"Speak softly and carry a big stick." -- from an African proverb
WASHINGTON -- By the time President Barack Obama announced late Sunday evening that U.S. commandos had killed Osama bin Laden, the conservative Weekly Standard had already hit newsstands with a cover caricature of the president cowering behind a sand dune, "leading from behind." An accompanying editorial by outspoken neocon William Kristol, the magazine's editor, accused Obama of "appeasing those who revile us."
Given that U.S. Navy Seals acting on Obama's orders were preparing to track down Public Enemy No. 1 when the magazine went to print, it was a bad bit of timing for the president's most vociferous critics. But Kristol was merely echoing the condemnations leveled at Obama regularly by a raft of likely Republican presidential contenders, including Mitt Romney.
Bin Laden's death has interrupted that narrative, if only temporarily. The steady drumbeat of denunciations of Obama as weak and indecisive -- supposedly, he apologizes to our enemies while refusing to acknowledge our exceptionalism -- has been muted for now. Even the usually churlish Dick Cheney managed to congratulate the president on the occasion of bin Laden's much-deserved demise.
That won't last, of course. This is a period of harsh partisanship, and it won't be overcome by bin Laden's end -- however welcome that is. Besides, the stakes are too high for Obama's rivals to concede his foreign policy expertise; they want to limit him to a one-term presidency.
Still, I'm hoping that Sunday's dramatic news will foster a growing appreciation of Obama's quiet and thoughtful style of leadership. Shouldn't it be clear by now that swagger, bellicosity and belligerence don't win wars or quell terrorism?
The first to question Obama's fitness to be commander in chief were his Democratic primary opponents, who, naturally, tried to paint the inexperienced senator as out of his depth. Hillary Clinton ran the much-talked-about ad featuring a 3 a.m. emergency phone call.
And Obama drew widespread rebukes for an August 2007 speech in which he said he would send U.S. military forces into Pakistan after bin Laden. Democrats called him naive, while conservatives claimed he had threatened to "invade" Pakistan. One Fox News analyst called it "loonier than anything he's said about Iraq."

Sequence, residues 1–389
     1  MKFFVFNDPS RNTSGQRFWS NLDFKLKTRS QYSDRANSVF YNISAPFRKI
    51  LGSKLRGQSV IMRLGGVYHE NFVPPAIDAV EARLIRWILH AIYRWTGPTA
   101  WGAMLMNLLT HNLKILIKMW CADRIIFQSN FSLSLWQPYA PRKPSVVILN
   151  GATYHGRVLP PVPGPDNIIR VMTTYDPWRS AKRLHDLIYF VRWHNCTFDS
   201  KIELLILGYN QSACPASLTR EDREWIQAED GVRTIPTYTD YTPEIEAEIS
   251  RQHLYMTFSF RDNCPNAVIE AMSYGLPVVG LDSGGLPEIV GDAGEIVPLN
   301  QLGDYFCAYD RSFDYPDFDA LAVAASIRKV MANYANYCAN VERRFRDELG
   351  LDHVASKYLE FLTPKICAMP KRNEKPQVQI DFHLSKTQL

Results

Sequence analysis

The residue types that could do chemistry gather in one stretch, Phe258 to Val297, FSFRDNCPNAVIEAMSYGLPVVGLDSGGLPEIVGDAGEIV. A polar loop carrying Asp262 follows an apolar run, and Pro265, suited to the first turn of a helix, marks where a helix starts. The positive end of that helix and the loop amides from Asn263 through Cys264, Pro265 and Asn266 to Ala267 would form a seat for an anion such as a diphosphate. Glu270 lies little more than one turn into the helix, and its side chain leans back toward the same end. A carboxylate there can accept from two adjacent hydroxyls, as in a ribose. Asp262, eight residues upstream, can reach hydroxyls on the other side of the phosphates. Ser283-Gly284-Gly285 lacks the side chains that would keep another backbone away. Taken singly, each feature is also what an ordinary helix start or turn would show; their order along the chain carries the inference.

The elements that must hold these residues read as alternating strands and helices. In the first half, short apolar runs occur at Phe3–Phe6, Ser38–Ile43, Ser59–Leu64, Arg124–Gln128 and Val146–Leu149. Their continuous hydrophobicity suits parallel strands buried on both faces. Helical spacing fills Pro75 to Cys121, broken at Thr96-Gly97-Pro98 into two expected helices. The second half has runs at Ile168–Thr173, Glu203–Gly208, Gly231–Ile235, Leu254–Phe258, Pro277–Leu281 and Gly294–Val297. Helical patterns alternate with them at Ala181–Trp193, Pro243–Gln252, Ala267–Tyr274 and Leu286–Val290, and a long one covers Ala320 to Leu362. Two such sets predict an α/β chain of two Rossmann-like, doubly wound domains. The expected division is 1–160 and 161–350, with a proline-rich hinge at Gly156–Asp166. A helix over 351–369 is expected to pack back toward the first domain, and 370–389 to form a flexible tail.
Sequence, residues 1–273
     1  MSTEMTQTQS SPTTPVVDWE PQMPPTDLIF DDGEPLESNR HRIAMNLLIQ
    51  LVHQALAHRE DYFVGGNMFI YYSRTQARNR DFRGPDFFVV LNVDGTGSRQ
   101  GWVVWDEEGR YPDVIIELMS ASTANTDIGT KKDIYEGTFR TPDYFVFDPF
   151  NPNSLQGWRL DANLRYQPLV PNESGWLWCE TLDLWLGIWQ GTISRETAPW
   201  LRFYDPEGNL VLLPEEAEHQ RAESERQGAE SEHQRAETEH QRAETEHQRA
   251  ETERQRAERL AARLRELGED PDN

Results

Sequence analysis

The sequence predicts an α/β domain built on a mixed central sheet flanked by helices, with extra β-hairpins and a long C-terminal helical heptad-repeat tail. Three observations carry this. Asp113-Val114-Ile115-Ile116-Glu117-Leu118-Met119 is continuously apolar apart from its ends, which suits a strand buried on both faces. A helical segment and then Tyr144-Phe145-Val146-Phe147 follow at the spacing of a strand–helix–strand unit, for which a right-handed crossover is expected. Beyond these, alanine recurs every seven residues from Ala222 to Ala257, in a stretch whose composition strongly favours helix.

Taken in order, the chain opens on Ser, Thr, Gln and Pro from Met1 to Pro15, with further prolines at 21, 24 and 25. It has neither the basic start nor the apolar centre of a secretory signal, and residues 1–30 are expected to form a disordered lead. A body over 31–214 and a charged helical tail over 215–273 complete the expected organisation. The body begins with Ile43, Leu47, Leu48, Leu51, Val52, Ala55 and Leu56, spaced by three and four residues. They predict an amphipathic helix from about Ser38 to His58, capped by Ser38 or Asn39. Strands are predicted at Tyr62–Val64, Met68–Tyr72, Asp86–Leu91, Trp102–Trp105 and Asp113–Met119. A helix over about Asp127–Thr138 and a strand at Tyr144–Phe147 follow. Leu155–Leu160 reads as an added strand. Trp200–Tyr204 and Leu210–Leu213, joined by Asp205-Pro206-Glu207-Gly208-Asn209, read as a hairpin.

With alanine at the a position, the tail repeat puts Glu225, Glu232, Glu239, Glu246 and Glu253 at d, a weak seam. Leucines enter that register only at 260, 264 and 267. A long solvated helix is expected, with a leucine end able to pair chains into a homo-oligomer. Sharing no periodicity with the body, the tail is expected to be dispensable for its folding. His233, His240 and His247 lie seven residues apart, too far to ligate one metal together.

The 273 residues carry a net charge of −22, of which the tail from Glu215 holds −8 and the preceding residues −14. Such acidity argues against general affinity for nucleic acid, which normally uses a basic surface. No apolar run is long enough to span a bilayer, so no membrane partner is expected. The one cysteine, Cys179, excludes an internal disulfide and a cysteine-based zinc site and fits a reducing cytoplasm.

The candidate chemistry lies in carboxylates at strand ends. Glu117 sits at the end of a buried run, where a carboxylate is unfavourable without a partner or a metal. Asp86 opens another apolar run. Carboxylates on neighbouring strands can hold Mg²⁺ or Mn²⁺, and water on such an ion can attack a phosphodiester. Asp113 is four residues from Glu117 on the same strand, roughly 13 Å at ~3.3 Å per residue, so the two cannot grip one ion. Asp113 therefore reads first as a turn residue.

It turns out Obama is neither naive nor loony. He increased the use of unmanned drones over Pakistan and Afghanistan, killing more al-Qaida operatives in his short tenure than his predecessor did in eight years. And he ignored the official protestations of our Pakistani "allies," who insisted that they had no idea where bin Laden was hiding. (Surely, any U.S. president would have done the same thing with "actionable" intelligence.)
Lately, Republicans, as well as some Democrats, have bashed Obama for his tentative, ad hoc responses to the uprisings in the Middle East. A chorus of second-guessers has chided him over Libya -- some for doing too little, others for doing too much. Many of the president's critics seem to miss the "dead or alive" cowboy diplomacy of the Bush years and the bristling, finger-in-your-face rhetoric that went along with it.
I don't miss that at all. It accomplished nothing. Indeed, it probably hurt America's cause as the world came to resent our recklessness and arrogance. The United States was seen as a bully, which didn't help us to recruit allies.
I greatly prefer Obama's cooler, studied approach. He didn't have to use the words "global war on terror" to focus on al-Qaida. Nor did he need to publicly threaten bin Laden with "dead or alive" in order to rid the world of his menace.
Obama's foreign policy is hardly perfect. No one can say with certainty what Afghanistan will be like in a decade. Our policy toward the Arab uprisings is a patchwork of conflicting attitudes and colliding interests -- some tyrants targeted, others tolerated.
But I have no doubt that Obama is tough enough to make hard calls. He doesn't need to talk like John Wayne to prove it.